Links to Lesson Plans and Educational Resources
Carbon Footprint Calculator: What’s My Carbon Footprint?
Citizen Climate Curriculum
This web site was custom designed for educators, students, leaders and members of the general public.
Facing the Future
Identification Guides: Freshwater Mussels of the Pacific Northwest
Maritime Trade Opportunities
If you’re a young person interested in learning more about the maritime trades, check out the Youth Maritime Trade Assocation’s website.
Did you know that on marine vessels military time is used? To learn more about how to convert regular time to military time, see www.spacearchive.info/military.htm
National Weather Service Forecast Office, Seattle: Educational Information
Puget Sound weather forecasts from NOAA, with slide shows on understanding weather patterns in our area
Northwest Association of Networked Ocean Observing Systems (NANOOS)
Northwest Straits Marine Conservation Initiative
NWHI Albatross Bolus Dissection
Ocean Links lesson plans and units for marine science
Sound artist Halsey Burgund and marine biologist Wallace J. Nichols joined forces to collect the voices of people around the world recounting their personal experiences with the ocean.
Oil Spill Task Force
Orca Network: Report Dead or Stranded Marine Mammals
People for Puget Sound: What’s Your Puget Sound Critter IQ?
People for Puget Sound: What do you know about the Habitat of Puget Sound?
People for Puget Sound: Puget Sound Explorer’s Guide
Year-round activities for the family, teachers, and kids of all ages
Pierce County water quality education lessons
Plankton lessons and protocols
Phytoplankton Monitoring Network: www.chbr.noaa.gov/PMN/voldatasheets.htm
The Virtual Plankton Tow:www.coexploration.org/bbsr/classroombats/html/virtual_plankton_tow.html
Plastic in Our Oceans
A news report from CNN
PRISM: Puget Sound Regional Synthesis Model
Puget Sound Partnership Educational Resources
Puget Sound Passport
Outdoor activities for families, kids and adults
Reading List for Puget Sound lesson planning – fiction and nonfiction
Restoration Ecology for Young Stewards (REYS)
from Stilly Snohomish Fisheries Enhancement Task Force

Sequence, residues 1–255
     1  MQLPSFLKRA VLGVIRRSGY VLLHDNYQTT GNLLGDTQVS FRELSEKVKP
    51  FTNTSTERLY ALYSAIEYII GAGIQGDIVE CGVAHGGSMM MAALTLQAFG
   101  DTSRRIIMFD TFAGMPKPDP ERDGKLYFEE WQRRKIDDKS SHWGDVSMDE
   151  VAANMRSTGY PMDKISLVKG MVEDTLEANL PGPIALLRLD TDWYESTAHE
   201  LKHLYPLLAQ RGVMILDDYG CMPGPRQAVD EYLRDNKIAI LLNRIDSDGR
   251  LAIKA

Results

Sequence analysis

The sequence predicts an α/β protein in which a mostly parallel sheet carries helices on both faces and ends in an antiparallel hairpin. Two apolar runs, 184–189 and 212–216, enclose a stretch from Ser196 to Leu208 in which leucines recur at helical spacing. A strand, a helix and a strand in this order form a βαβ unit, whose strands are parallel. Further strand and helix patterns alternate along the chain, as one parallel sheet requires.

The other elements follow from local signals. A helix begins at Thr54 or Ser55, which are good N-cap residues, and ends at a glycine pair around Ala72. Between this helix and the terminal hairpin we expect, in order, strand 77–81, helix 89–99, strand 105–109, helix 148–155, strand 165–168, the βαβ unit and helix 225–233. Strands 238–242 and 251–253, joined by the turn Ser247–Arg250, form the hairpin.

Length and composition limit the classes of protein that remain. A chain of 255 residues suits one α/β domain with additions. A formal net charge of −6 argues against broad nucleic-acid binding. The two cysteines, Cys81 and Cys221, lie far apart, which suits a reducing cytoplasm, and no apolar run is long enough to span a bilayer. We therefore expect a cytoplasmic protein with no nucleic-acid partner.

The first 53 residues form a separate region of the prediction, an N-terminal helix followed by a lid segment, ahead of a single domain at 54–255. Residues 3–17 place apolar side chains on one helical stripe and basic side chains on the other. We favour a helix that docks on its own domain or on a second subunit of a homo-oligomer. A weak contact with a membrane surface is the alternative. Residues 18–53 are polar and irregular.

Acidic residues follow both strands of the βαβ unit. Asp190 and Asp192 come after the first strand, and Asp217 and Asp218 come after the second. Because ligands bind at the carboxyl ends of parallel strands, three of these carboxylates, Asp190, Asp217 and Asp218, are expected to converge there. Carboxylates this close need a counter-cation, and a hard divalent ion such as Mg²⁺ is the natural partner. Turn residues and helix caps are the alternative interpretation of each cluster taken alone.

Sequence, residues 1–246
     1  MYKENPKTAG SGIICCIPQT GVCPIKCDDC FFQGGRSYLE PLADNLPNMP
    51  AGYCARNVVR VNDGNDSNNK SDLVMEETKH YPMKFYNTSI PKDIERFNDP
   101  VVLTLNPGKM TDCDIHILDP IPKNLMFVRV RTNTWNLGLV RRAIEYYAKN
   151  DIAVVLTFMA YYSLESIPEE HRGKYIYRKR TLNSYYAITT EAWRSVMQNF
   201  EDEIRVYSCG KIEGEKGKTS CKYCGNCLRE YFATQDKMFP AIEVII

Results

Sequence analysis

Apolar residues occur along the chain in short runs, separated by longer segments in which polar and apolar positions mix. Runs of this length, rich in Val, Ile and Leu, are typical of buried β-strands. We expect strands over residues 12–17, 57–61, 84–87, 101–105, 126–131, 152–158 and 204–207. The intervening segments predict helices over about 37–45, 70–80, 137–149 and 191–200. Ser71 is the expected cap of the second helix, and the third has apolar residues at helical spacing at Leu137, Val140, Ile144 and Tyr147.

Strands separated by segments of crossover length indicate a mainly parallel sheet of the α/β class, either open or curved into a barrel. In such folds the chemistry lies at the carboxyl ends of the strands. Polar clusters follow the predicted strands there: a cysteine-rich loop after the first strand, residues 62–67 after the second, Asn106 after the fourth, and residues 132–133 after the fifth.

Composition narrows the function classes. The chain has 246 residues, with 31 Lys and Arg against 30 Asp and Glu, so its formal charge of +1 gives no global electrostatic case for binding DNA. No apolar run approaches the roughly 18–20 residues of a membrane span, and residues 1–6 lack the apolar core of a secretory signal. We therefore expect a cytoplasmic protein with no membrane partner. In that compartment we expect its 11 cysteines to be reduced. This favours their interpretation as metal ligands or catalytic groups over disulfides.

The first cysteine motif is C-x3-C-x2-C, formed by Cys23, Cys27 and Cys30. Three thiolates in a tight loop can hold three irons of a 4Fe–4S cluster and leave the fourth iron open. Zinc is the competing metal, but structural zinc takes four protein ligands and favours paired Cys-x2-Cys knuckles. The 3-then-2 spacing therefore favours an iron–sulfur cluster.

Sample lesson plan: Where Fresh and Salt Water Meet (grades 6-8)
Sample lesson plan for grades 9-12 on oxygen issues in Puget Sound
The SeaDoc Society
Seattle Aquarium Teacher Resources
Seattle Aquarium: Orca Whale Curriculum
Seattle Aquarium: Window on Washington Waters
SEA will be engaging in Sound Citizen’s data collection “citizen science” programs – learn more at their site! www.soundcitizen.org/
The Story of Bottled Water
Watch this short video on the impacts of bottled water on your wallet and the environment.
Team-building activities, initiative games, & problem-solving exercises
Tides and currents for Puget Sound
Tides and Currents Information
How to understand tides and currents
University of Washington NatureMapping Program
Washington Sea Grant
Information on “Orca Bowl” opportunities for all high schools interested in this great marine-based program!
Also, check out this site for information on the NOAA/Sea Grant sponsored summer camp for middle school students with an interest in marine studies!www.wsg.washington.edu/education/events/noaa.html
Washington State Boating Law Basics
Washington State Department of Ecology Environmental Education
Washington State Department of Fish and Wildlife: Puget Sound Ambient Monitoring Program (PSAMP)
Washington State Department of Fish and Wildlife: Wildlife Science
Washington State Parks
Did you know all boaters in the State of Washington between the ages of 12 and 20 are required in 2008 to gain a Washington State Boater Education Card in order to legally operate a boat? Learn more about how to earn you boater’s card atwww.parks.wa.gov/boating/default.asp
Washington STEM is a nonprofit organization dedicated to advancing innovation, equity, and excellence in science, technology, engineering and mathematics (STEM) education in Washington state.
Water Planet Challenge
With a growing library of vibrant, awe-inspiring videos, educator lesson plans, and service learning materials, we can encourage students to become engaged and involved in affecting global change.
We each have our own watershed address–which watershed we live in. Let our Watershed Report students explain why it’s important to connect to your natural surroundings.
Web Resources for developing lesson plans on estuaries
Yes! Magazine Resources for Teachers
Like Us On FaceBook